Warning, This true story depicts the life, care, and loss of a tooth; with intentional correlations to a deeply rooted love affair. Sense of humor is advised....
It was 18 years ago and I was the young mother of a sweet 3 month old baby, living in a frigid basement apartment right next to Utah Lake. My first husband and I moved to this area, just starting out in life and money was sparse. I contemplated this as I sat eating a pork rind when I felt the crunch of a back tooth.
Upon a visit to the dentist it turns out I had fractured a molar and at the time we could not afford the dental work to repair it. Taking the tooth out was only $50. I asked the dentist what the repercussions of this would be and he did advise, that perhaps, 20 years from now -the tooth above it may miss it and wander downward to find it. At the time, I was so young and 20 years sounded like a world away. This was a no-brainer, lets take it out! So we removed the tooth.
Fast forward to now. The upper molar is now seeking its long lost mate. Sure enough, on an 18 year odyssey, tooth number 15 is desperately seeking to be reunited with the lower tooth that is no longer there. Slowly, it has dropped down, filling in the space of the missing tooth. My current dentist indicated that it would probably be best if it was removed. He saw the disappointed look on my face and questioned me about it. "Well" I told him, "It's just that I have had that tooth for a really long time."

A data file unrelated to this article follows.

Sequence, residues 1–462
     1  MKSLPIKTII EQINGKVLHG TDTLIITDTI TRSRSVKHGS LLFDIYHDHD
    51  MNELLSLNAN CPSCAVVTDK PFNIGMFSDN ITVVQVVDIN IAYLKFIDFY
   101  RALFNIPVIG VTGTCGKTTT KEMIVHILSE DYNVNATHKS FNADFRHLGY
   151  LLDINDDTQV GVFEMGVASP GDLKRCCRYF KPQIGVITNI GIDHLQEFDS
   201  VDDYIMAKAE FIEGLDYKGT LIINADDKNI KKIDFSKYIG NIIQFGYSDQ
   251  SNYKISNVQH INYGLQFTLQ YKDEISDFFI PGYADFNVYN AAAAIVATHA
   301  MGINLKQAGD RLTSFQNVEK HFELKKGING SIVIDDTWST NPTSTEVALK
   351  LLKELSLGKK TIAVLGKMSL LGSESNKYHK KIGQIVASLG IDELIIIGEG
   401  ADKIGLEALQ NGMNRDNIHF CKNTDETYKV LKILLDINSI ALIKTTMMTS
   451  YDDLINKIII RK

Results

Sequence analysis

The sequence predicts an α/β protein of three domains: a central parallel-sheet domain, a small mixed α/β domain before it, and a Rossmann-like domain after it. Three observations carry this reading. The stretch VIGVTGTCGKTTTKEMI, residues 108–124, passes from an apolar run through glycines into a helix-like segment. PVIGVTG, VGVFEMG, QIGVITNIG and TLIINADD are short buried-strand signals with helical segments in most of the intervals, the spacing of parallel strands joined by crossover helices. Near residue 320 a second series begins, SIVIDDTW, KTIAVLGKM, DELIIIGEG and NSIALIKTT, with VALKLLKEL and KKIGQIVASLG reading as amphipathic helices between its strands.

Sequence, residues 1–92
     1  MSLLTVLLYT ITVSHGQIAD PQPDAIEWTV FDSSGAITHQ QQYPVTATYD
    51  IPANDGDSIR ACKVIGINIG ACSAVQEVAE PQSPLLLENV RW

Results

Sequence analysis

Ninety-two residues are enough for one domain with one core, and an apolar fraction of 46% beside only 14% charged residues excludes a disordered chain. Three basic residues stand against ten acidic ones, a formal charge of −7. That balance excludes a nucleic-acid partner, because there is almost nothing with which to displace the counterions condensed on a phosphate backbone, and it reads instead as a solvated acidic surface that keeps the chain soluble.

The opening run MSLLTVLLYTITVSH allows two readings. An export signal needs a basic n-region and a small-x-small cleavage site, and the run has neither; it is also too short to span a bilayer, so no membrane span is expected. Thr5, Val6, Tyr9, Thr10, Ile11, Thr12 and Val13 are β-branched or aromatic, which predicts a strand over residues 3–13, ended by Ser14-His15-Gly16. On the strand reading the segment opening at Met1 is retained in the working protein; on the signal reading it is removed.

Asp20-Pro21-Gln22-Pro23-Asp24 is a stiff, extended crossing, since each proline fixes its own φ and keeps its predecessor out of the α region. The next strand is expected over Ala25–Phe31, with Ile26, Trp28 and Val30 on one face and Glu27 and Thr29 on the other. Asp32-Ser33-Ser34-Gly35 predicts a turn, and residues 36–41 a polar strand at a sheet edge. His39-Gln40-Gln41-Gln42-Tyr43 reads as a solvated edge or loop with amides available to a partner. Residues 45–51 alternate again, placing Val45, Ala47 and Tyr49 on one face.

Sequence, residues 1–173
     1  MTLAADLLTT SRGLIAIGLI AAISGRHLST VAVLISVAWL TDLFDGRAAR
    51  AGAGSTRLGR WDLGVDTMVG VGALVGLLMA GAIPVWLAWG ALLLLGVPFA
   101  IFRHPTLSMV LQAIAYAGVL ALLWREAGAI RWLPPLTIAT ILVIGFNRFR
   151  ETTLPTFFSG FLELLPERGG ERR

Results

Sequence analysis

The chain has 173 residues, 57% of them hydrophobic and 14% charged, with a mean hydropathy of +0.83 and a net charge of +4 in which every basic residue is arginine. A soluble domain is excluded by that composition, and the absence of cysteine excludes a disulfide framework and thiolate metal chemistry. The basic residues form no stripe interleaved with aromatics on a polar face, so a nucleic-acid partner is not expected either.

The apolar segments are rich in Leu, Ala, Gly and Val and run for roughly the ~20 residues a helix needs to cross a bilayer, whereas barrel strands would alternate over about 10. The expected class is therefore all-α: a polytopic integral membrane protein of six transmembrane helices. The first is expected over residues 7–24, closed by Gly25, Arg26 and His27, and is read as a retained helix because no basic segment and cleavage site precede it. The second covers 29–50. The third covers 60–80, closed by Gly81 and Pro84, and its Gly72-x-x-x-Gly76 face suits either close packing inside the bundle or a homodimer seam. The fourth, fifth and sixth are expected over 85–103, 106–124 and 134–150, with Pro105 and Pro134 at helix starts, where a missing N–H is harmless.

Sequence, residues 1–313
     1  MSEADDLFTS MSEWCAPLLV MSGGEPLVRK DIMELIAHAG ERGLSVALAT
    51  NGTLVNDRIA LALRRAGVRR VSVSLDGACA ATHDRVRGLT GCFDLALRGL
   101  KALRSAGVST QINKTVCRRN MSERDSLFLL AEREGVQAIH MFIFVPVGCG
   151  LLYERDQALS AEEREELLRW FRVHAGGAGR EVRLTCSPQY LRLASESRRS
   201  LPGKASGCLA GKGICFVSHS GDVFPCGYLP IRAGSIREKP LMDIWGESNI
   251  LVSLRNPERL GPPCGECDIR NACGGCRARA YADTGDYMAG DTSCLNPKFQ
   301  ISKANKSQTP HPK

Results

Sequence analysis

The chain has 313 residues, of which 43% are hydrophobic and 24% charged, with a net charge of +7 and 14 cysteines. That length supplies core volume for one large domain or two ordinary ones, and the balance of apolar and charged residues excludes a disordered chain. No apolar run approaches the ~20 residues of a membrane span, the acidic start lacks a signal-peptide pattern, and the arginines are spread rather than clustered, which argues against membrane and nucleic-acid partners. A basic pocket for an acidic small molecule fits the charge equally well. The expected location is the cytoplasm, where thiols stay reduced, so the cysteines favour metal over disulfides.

I mentioned this to my mother and she found it quite odd that even a tooth would miss it's mate and would actually go looking for it. I mentioned this to my Aunt, and she wondered what would happen if instead, the tooth was cavalier and had more of the attitude that it would be better off on its own.
But of course, I would find myself with "sensitive" teeth. Teeth with feelings, or "fillings". Teeth that go searching for each other... just my luck.
Tomorrow, I will go in for the extraction and in a note of seriousness and honesty-
There is a part of me that is proud of myself that I took the initiative to encourage good health in my body. After losing a spouse or loved one, it is easy to ignore personal issues that go on, or to put off appointments. It is much harder to make decisions, too. Especially when the person you would discuss this with is gone. These differences show in other family members as well. After caring for a terminally ill person, it becomes easier to see how fragile life can be. I can see this in my youngest child too. "Are you sure it's a simple procedure Mommy?" He asks with worry in his voice.
"Yes, baby it is." I say, "And you know what? Now both teeth will finally be reunited in tooth Heaven."
Which makes him smile. I am getting a bit long in the tooth now. Thanks for listening and wish me luck!